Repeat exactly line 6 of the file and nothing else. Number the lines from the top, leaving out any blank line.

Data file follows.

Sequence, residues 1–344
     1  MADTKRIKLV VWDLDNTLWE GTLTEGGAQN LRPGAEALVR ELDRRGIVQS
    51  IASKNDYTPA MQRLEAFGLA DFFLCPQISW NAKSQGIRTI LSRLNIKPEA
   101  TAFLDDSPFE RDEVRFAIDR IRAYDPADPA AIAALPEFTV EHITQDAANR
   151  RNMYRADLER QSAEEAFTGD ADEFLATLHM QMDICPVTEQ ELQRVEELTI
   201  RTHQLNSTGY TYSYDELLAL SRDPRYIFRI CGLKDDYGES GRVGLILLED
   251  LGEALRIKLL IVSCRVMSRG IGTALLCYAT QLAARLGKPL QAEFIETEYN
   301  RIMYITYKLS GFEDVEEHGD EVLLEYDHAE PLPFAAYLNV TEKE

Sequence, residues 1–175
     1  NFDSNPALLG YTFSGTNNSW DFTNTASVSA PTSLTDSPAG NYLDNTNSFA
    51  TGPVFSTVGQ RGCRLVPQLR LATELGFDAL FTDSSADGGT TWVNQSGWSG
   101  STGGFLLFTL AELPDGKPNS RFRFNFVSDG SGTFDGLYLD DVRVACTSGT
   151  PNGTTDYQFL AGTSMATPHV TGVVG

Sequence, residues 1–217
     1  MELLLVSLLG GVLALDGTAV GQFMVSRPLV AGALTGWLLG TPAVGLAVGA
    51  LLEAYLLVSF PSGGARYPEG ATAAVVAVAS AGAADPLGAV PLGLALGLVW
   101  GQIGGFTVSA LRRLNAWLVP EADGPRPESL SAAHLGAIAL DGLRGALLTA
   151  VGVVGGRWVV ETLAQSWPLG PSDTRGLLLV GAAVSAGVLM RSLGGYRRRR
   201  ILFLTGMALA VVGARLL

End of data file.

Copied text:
   201  RTHQLNSTGY TYSYDELLAL SRDPRYIFRI CGLKDDYGES GRVGLILLED